By Bryan Calandrelli, Niagara Regional Editor

What’s this area known for? What’s your specialty? Which white do you do best? These are all questions that I get asked when pouring local wine for newcomers to the Niagara region.

I don’t always have time to explain the diversity of soils or the huge difference in how Lake Ontario moderates one mile from the lakeshore to six miles inland to the Escarpment. Nonetheless, people seem to want an answer as to what our signature white grape variety is or will be. 

It's not an easy question to answer.

In the Finger Lakes, of course, it’s obvious. And even though I’ve tasted some amazing rieslings from the young vineyards on the bench of the Escarpment up here, I would never dare claim riesling to be ours. 

On the North Fork of Long Island, I believe that sauvignon blanc does best as a white varietal. Again, a few sauvignon blancs from the lakeshore appellations of Ontario have wowed me and I’m confident it can be as good across the river here, but I also admit that Long Island will consistently make more approachable versions year to year.

So what noble white grape does that leave us with? I hate to say it, but…chardonnay. Now I’m usually the last person who would get excited over chardonnay, but a few local wineries have opened my eyes to the grape that grows everywhere.

I’ve long been a fan of unoaked versions but only recently did I begin to believe that the Niagara region could produce distinctive mineral-driven wines similar to Chablis. The Freedom Run Winery 2008 Estate Chardonnay has chalky notes and a chiseled structure that I can only relate to the aforementioned French region. I’ve met many serious wine buyers in the area that have been wowed by this wine, of which only 45 cases were made.

Randy Biehl of Eveningside Vineyards has produced buzz-worthy chardonnays from his small estate vineyard for three years now, and I think his wines are only getting better. His 2008 unoaked Chardonnay is not as mineral-driven as the Freedom Run version, but it has a similar understated elegance. His newest 2008 Reserve Chardonnay shows power and grace with just enough spice to give you a finish worth pondering.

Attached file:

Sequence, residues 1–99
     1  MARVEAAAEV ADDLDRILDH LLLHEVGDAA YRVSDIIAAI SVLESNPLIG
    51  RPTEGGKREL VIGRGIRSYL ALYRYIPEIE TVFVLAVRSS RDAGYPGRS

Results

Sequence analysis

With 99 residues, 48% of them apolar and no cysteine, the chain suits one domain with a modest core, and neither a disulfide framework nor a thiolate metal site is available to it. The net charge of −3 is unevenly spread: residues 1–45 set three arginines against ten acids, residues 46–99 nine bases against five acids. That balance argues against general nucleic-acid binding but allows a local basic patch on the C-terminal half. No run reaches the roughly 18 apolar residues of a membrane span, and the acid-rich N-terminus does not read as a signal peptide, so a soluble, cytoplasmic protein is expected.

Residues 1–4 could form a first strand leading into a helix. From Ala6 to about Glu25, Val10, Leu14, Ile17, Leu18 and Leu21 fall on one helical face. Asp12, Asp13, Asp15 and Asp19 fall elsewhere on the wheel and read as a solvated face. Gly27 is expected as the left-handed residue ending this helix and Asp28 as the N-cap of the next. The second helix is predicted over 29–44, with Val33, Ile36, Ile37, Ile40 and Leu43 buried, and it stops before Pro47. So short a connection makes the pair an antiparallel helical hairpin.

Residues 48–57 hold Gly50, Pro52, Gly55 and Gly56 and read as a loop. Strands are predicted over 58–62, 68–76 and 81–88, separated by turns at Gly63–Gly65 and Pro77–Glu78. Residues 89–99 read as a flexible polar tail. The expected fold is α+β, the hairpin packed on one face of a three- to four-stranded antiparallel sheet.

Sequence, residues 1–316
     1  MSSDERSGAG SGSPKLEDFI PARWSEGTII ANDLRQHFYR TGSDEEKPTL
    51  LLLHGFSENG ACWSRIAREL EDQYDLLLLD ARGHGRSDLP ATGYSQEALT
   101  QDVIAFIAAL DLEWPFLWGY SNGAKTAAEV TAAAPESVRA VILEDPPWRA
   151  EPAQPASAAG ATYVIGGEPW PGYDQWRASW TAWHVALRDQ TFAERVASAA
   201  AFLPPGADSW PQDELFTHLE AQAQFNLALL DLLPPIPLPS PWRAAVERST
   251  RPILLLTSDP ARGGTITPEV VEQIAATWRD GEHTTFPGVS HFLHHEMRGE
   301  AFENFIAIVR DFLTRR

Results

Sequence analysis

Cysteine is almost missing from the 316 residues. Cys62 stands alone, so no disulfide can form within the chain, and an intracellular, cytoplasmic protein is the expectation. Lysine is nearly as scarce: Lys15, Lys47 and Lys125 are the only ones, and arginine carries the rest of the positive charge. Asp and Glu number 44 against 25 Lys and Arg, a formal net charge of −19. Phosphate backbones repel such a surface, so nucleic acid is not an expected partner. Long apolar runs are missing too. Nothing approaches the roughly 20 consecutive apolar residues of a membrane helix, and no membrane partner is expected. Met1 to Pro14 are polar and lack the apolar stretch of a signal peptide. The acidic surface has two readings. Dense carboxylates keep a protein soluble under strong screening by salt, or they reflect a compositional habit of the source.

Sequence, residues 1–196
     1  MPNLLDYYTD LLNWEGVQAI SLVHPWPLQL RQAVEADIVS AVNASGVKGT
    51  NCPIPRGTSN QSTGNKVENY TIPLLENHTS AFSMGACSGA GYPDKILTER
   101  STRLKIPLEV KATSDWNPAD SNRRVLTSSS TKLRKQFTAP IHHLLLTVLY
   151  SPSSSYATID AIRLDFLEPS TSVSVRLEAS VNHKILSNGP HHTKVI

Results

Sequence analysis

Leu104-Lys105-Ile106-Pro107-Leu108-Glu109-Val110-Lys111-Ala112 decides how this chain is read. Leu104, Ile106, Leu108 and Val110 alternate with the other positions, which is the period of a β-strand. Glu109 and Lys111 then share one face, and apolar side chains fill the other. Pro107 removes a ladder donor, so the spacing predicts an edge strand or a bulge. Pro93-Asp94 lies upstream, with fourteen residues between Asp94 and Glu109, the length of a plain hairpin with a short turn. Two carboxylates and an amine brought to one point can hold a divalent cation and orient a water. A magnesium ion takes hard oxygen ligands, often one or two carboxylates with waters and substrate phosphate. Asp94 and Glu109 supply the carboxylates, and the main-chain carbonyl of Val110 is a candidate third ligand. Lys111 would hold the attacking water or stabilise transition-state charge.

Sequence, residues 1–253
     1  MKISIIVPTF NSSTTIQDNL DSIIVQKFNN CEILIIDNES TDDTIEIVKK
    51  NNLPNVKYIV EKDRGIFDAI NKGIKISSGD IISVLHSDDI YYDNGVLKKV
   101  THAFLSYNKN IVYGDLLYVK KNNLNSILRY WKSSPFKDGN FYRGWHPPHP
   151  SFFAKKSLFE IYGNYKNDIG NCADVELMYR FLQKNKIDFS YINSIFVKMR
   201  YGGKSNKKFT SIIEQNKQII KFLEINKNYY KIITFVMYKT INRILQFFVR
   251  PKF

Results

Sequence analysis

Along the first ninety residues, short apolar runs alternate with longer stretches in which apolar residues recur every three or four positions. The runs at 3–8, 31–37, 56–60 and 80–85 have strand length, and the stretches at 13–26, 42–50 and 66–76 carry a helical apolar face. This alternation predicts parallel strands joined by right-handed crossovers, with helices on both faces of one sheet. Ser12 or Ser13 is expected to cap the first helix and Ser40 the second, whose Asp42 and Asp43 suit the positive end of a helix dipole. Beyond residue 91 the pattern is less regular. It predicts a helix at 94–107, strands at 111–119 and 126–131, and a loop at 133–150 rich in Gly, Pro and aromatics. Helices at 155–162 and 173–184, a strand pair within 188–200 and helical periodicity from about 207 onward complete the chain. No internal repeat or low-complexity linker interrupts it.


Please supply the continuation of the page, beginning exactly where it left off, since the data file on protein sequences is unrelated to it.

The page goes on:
I can’t mention chardonnay and the Niagara region in the same sentence without mentioning Duncan Ross of Arrowhead Spring Vineyards in Lockport, NY. Working with Finger Lakes growers the last two years, he has made two exceptional Chardonnays. To be honest, it was his 2006 wine that finally motivated me to give other oaked chards a chance. His 2008 will be from estate-grown grapes, and I can say that if he replicates his success with his previous two efforts, I’ll be fully converted to clothed chardonnay.

Will there be many other white grape varieties worth drinking up here in the future? Definitely, but if you ask me today which white grape does best on the narrow band of shallow clay and limestone drawn up as the Niagara Escarpment AVA – and which will produce distinctive wines distinguishable from the other NY wine regions – as of today the answer is simple: chardonnay.